Are you thinking about flipping a property? Here’s some useful information you need to know about the anti-flipping regulations implemented in January 2023.
House flipping, as defined in government documents, involves “purchasing real estate with the intention of reselling the property in a short period of time to realize a profit”.
The primary objective behind this new legislation is another step taken to mitigate demand and alleviate the excessive price escalation witnessed in recent years.
In essence, under the new tax law, anyone selling a property they’ve owned for less than 12 months, precisely 365 consecutive days, will be classified as having engaged in a “flip.” Consequently, any profits derived from such a transaction will be subject to taxation as business income. This signifies that the profits will be 100% taxable.
When a residential property is sold for a profit, the Income Tax Act dictates the taxation. Capital gains mean that 50% of the profit is taxable. But if it’s categorized as business income, the whole profit is taxed. Keep in mind, selling a primary residence doesn’t incur taxes. Engaging with residential property management can provide clarity on these nuances.
Nonetheless, some individuals have exploited this exemption by swiftly buying and selling properties for profit. In response, the Canadian government has implemented new regulations.
Capital Gains Vs Business Income
If you initially acquired your property with the intention of flipping, engaging in assignments, or purchasing it for the purpose of construction and subsequent sale, any profits from the property’s sale are typically treated as Business Income. On the other hand, if your property was originally acquired for generating rental income, any profits realized upon its sale would be categorized as capital gains.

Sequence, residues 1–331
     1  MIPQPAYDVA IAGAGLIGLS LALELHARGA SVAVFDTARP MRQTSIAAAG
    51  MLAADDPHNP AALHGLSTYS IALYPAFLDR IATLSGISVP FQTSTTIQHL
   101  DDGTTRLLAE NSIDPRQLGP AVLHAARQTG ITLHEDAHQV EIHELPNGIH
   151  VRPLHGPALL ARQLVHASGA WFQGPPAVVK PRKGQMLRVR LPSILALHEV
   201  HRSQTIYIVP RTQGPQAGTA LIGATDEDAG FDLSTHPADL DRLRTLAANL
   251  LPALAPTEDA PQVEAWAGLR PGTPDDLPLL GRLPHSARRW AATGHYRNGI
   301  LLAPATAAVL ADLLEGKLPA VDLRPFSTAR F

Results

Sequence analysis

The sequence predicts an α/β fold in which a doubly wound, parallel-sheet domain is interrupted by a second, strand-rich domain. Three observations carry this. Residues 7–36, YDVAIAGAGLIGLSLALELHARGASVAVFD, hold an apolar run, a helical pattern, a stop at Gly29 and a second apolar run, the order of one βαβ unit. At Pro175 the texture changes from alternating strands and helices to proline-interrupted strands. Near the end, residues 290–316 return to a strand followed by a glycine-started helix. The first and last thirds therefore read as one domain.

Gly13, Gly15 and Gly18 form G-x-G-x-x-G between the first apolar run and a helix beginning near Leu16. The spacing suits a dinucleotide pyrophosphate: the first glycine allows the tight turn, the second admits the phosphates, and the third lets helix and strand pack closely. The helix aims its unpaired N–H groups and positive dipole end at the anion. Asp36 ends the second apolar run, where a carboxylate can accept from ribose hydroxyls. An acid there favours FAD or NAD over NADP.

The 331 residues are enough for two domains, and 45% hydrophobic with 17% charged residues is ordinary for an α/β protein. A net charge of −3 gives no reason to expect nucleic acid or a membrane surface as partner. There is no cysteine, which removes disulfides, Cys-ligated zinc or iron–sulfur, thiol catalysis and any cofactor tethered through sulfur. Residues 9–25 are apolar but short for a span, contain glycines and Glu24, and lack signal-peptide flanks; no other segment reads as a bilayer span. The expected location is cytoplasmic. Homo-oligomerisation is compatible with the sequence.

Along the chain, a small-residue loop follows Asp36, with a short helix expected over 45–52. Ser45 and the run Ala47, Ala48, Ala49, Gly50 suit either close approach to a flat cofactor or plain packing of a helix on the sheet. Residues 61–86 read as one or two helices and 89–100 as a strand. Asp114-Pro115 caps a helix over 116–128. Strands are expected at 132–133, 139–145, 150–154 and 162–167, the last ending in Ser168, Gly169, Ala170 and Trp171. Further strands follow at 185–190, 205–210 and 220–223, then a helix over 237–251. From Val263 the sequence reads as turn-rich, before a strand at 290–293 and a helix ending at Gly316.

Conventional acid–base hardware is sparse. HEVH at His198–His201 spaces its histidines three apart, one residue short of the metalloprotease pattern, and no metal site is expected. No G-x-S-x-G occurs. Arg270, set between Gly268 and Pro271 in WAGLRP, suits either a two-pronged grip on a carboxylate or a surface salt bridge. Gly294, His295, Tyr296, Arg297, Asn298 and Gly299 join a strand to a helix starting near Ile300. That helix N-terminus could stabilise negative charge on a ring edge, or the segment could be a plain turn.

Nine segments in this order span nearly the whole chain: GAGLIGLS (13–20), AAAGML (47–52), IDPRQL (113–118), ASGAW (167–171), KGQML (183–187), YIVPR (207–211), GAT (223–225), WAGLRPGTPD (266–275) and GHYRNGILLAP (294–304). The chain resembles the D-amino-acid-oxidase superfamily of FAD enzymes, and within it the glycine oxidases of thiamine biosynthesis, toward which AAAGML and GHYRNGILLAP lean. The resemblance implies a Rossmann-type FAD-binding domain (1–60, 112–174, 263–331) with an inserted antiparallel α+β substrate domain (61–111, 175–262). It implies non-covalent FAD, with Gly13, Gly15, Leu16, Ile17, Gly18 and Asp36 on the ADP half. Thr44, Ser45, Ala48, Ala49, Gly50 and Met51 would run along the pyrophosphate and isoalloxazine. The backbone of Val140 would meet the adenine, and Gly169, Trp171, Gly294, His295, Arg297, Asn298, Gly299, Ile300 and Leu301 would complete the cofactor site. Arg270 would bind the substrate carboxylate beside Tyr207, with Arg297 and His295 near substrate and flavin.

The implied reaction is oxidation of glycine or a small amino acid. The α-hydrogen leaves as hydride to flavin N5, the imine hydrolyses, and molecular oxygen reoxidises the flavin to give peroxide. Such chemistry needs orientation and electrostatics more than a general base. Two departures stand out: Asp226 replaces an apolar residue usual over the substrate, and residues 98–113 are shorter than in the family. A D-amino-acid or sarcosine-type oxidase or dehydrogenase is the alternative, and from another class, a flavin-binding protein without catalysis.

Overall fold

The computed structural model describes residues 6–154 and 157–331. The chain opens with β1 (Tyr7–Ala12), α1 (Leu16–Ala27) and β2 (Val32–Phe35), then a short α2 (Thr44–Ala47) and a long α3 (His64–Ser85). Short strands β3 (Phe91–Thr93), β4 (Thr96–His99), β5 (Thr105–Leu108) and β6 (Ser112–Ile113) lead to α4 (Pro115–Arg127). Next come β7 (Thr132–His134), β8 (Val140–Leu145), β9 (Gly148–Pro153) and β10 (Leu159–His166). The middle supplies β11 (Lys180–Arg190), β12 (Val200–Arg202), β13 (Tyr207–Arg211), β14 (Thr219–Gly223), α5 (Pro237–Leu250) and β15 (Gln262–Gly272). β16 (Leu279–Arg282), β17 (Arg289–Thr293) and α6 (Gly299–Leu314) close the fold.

In general, capital gains are subject to inclusion in your income at a rate of 50%, resulting in a lower tax liability compared to business income.
To illustrate how business income works, consider Sara and Matt who purchased a property for flipping at a cost of $400,000. After investing $100,000 in renovations, they sold it to Mary and Robert for $700,000, yielding a profit of $200,000. This $200,000 profit would be regarded as full-fledged business income. Assuming Sara and Matt are subject to a 25% tax rate, they would owe the government $50,000 in taxes.
Principal Residence Exemption
The Canada Revenue Agency (CRA) has been actively engaged in investigations and enforcement actions concerning residential real estate transactions. Essentially, individuals engaged in house flipping have been utilizing the Primary Residence Exemption (PRE) as a means to evade or reduce their tax liabilities.
The new tax legislation effectively puts an end to the use of the PRE as an option and unequivocally disallows the application of the principal residence exemption to shield the capital gain resulting from the sale of a home owned for less than 12 months.
Exemptions of The Anti-Flipping Tax
There are exceptions to selling your property within 365 days after purchasing your property. Exceptions to the anti-flipping tax include a certain number of life events such as:
- The death of the taxpayer or a person related to the taxpayer
- The breakdown of a marriage or common-law partnership
- A threat to personal safety
- Serious illness or disability
For the full list of exemptions check out the CRA website: https://www.canada.ca/en/revenue-agency/programs/about-canada-revenue-agency-cra/federal-government-budgets/residential-property-flipping-rule.html
In conclusion, if you plan to flip a property and hold it for less than 365 days, you should expect to pay taxes on the full amount of your gains. Consider using property management services to navigate these implications.
The Principal Residence Exemption, which previously provided a tax shield, will no longer be applicable in such cases. It is highly advisable to consult with a professional accountant if you believe this situation might pertain to your real estate dealings.